Guest post by Art Byrne, author of The Lean Turnaround and it’s companion The Lean Turnaround Action Guide: How to Implement Lean, Create Value and Grow Your People.
I have always implemented lean from the position of CEO and as a result I have always seen it as an incredible strategic weapon that used correctly provides any company with an unfair competitive advantage. As a result I am surprised to learn that most people don’t see it this way. They see lean as just “some manufacturing thing” or as a collection of tools that can be pulled out of the drawer and used to fix the occasional problem. Perhaps I can help to clarify this.
Growth Comes With Delivering Value
Lets begin by understanding that the only way that any company can grow and create wealth for all its stakeholders is by consistently delivering more value to its customers than its competitors can over long periods of time. This value can be defined in many ways. Having a totally unique product or service of course would be a wonderful place to be. For most companies, however, the product or service are pretty comparable and it is other factors that determine value. Things like ease of doing business, responsiveness to the customer, short lead times and rapid response, exceptional quality, customization and of course low cost all become extremely important. Even in cases where a company has the best product but is not good at all these other things you will see customers doing everything they can to reduce or eliminate their dependency on this supplier.
In order to consistently deliver value to your customers you first have to improve your own value adding activities so that everything can be done faster with better quality and lower costs. To achieve this you must first remove the waste from all of your value adding activities on a continuous basis. The purpose of any company should be to constantly improve how it does everything in every part of its business. To deliver value to your customers your focus has to be on your processes not on your results. Great processes will deliver great results not the other way around. And this of course is where a lean strategy comes in. The lean approach will allow you to see the hidden waste that you can’t see now and give you the ability to quickly remove it. As all of your associates become proficient in using a lean strategy to solve problems you will get better and better until you have a lean culture that will self perpetuate itself. At that point you will be very hard to beat.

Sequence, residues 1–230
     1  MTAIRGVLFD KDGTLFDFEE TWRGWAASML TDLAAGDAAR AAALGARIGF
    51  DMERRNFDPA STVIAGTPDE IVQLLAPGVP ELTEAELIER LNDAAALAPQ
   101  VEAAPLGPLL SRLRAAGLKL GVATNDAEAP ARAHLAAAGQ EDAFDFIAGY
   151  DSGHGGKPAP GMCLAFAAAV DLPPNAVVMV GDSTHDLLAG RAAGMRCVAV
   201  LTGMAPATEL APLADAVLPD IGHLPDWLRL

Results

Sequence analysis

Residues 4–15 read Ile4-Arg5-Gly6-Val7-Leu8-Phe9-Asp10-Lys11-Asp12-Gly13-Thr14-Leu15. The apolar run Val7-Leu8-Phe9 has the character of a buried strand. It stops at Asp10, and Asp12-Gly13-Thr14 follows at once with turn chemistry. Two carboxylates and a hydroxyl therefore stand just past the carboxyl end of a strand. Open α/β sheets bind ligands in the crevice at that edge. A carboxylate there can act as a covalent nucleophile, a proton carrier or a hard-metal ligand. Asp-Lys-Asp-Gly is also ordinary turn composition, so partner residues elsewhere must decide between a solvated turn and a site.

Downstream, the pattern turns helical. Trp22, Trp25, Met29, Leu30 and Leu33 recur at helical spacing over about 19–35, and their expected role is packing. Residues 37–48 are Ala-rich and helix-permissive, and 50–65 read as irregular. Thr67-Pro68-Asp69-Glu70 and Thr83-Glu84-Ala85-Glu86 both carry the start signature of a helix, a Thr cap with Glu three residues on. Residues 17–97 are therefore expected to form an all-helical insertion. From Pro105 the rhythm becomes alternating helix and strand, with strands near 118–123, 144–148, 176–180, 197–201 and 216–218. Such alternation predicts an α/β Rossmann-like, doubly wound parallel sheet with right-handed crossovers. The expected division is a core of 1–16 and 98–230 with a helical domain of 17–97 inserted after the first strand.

Lean Should be Your Core Strategy
A lean strategy should be at the core foundational level of everything you do. You should come in to work everyday with the thought that everything is a mess and that you need to take quick action to get better. But don’t get confused. Having lean as your core strategy, (I.e. what you are all about) doesn’t mean you have to stop doing all the things that you consider strategic today. To the contrary you still want to do those things it’s just that with lean underlying everything you have a much better chance of success. For example, most people take their value adding activities for granted, “we have always done it that way”, or “we can’t reduce the lead time below 6 weeks”. With things like this as a given they try to create their strategy around their own problems. With lean as your core strategy however that six week lead time will be down to two days and if all your competitors stay at six weeks you will gain market share and grow at their expense. The rest of your strategy can stay the same but by improving your value adding you have opened up new strategic opportunities that you didn’t have before. Lean needs to be your core strategy too. In my previous company, The Wiremold Company, we increased our enterprise value by just under 2,500 percent in a little over nine years using this approach. You can do the same thing if you make the switch to a lean strategy.